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Thornlie’s tree man Richard Pennicuik has ended his 110 day protest and climbed down from the 20m-high eucalyptus melliodorain on the front verge of his home.

Mr Pennicuik has been living in the tree outside his Hume Road home since early December, including during Monday’s devastating hail storm that swept across Perth and caused more than $200 million damage.

The City of Gosnells wants to remove the tree, claiming it poses a danger.                                                                                                                

Mr Pennicuik claimed he won the moral battle before doing a lap around the tree and heading inside his home to have a shower.

He initially released a four paragraph statement, but re-emerged to speak to reporters, saying he felt great.

“The tree weathered the worst storm to hit Perth ever and it’s in good condition, it has proven itself,” Mr Pennicuik said.

“It is worth it because we have shown the people of Australia they need the constitution, they can’t do without it.

“I think I have (proven my point) I think the tree has.”

City of Gosnells Mayor Olwen Searle today welcomed the Mr Pennicuik’s decision to come down from the tree, but confirmed the council would go ahead with plans to chop it down.

Source  :  www.thewest.com.au

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Tree man Richard Pennicuik will come down from his tree, but not today.                                                                                                                           

He said this morning it was his “intent to come down” but he now needed to work out “the best course of action” for how to do it.

Mr Pennicuik said he was up until 4am with friends and family discussing what to do.

“What we’re looking to do is we’re looking to get down and we’re going to pursue it in the right direction to get down and that’s going to take us a little while,” he said.

“I’m not going to come down when people tell me.

“I’m going to come down when I want, I’m going to come down on my terms.

“I can’t come down looking like an idiot.”

Mr Pennicuik said yesterday that he needed “time” to think and talk to his friends and family after receiving legal advice that he should come down from a tree he has called home for three months.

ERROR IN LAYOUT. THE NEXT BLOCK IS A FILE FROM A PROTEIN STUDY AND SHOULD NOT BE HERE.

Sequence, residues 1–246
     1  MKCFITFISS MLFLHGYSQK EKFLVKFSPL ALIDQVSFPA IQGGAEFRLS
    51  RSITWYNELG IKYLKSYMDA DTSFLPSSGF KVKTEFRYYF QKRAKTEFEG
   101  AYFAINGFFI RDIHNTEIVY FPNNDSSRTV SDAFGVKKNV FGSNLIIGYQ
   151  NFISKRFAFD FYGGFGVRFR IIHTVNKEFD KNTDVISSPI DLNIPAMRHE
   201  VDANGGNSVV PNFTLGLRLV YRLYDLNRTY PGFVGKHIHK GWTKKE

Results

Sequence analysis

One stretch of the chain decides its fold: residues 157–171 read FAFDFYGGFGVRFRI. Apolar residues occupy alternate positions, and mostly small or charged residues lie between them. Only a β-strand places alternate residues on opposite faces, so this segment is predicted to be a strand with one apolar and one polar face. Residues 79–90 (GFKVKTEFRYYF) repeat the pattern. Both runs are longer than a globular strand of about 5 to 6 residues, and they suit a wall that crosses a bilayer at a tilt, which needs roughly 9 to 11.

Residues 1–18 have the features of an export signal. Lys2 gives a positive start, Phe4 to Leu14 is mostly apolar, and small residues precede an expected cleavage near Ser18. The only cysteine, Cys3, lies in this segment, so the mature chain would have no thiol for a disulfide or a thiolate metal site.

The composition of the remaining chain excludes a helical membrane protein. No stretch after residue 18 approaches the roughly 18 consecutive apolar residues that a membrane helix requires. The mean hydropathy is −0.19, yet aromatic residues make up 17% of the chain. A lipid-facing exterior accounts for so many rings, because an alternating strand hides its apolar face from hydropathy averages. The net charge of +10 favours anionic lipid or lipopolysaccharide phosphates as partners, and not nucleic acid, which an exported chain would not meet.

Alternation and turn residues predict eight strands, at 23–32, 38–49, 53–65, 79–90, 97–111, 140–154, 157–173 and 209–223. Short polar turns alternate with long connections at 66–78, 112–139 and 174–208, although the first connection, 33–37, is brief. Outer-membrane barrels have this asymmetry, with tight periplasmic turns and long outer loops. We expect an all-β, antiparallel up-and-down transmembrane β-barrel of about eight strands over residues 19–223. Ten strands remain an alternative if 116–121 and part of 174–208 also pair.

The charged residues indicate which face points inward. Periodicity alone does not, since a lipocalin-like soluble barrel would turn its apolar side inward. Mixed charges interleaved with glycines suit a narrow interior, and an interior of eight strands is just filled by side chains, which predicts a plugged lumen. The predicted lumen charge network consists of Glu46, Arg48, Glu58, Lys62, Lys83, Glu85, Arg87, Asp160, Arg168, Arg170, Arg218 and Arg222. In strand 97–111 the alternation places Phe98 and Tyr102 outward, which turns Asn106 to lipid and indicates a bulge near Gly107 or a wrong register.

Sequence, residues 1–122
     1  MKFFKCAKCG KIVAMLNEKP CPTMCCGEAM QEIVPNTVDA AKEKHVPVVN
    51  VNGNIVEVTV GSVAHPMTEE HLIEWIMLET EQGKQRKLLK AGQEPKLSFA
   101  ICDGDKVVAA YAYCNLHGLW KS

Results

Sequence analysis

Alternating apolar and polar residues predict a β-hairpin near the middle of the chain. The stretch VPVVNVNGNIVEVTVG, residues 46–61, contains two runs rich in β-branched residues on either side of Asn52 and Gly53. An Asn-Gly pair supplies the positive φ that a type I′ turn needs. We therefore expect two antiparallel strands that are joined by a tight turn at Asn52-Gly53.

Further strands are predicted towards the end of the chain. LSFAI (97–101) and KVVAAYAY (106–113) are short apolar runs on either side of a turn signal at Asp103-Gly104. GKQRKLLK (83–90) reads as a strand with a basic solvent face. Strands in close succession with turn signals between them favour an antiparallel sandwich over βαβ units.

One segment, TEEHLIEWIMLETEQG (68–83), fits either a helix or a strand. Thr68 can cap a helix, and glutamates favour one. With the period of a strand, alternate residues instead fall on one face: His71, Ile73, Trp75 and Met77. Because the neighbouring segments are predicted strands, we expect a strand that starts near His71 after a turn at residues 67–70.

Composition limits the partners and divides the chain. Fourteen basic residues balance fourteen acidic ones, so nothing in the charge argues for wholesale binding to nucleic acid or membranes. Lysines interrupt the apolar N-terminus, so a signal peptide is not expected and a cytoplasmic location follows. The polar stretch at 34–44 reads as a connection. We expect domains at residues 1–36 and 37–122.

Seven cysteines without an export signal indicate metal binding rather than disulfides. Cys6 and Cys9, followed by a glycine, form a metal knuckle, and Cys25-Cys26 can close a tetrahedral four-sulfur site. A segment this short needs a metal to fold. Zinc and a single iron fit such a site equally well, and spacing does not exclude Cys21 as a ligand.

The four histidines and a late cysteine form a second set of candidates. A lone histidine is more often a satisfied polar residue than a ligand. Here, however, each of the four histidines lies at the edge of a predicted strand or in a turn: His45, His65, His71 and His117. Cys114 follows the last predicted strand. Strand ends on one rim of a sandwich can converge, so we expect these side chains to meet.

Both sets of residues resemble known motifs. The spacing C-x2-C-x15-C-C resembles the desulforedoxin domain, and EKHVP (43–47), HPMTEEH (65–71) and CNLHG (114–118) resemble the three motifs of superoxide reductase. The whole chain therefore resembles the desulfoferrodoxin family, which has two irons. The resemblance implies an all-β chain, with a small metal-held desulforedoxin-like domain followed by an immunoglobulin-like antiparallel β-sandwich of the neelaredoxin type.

Following a brief telephone conversation just after noon with his lawyer John Hammond, who called him from a neighbour’s house, Mr Pennicuik looked down at the gathered media pack yesterday to declare he was staying put.

But this morning he said: “It’s my every intent to come down.”

Whether it happens or not is another thing but that is my intent.”

Mr Hammond advised his client to come down after he received a letter from the City of Gosnells warning Mr Pennicuik could be fined $5000 fine and $500 for every subsequent day he stayed up.

Mr Pennicuik said this morning discussions last night focused on a track “that was completely wrong” but he would not say what that was. He said it was later ruled out.

Early yesterday speculation was growing that Mr Pennicuik would end his now 94-day protest.

But following the conversation with Mr Hammond, Mr Pennicuik said he did not want the council to make an example of him if he came down.

He said he was prepared to go to jail – a possibility if he failed to pay any fines – over his environmental crusade. He said he was also told his house could be seized.

Mr Pennicuik admitted he could not afford the cost of the fines, but insisted: “I can stay up here for the next 20 years.”

He said the council had reneged on a three-month moratorium to take no action.

But the council has said Mr Pennicuik shifted the goal posts when he made new demands for other trees to be spared and a barrier to be erected around the tree outside his house.

The council has maintained the eucalyptus melliodora has a history of being dangerous.

Gosnells mayor Olwen Searle said yesterday she was disappointed Mr Pennicuik had not taken his lawyer’s advice.

She said the council intended to visit him and ask him formally to come down, though she would not say when or give a timeframe for cutting down the tree.

Anyprosecution would be determined in the courts.

“All the council has ever endeavoured to do is to get Richard to come out of the tree and talk to us and we have given him every opportunity,” she said.

Mr Hammond said it was up to Mr Pennicuik whether to heed his advice.

“He is facing prosecution by the City of Gosnells, so Richard needs to make a call on that,” he said.

“If Richard wants to remain in the tree he can but there’s going to be legal consequences in doing that.”

Mr Pennicuik was already forced to remove a tree house in January and had an application to the Heritage Council rejected. 

“All the council has ever endeavoured to do is to get Richard to come out of the tree and talk to us and we have given him every opportunity,” she said.

Mr Hammond said it was up to Mr Pennicuik whether to heed his advice.

“He is facing prosecution by the City of Gosnells, so Richard needs to make a call on that,” he said.

“If Richard wants to remain in the tree he can but there’s going to be legal consequences in doing that.”

Mr Pennicuik was already forced to remove a tree house in January and had an application to the Heritage Council rejected.

Source  :  www.thewest.com.au

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